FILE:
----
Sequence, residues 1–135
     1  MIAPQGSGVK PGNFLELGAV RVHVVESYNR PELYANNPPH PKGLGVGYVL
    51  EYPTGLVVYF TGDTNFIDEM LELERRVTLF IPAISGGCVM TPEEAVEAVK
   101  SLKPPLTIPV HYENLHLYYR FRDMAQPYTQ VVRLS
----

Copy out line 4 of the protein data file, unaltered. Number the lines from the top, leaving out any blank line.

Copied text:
   101  SLKPPLTIPV HYENLHLYYR FRDMAQPYTQ VVRLS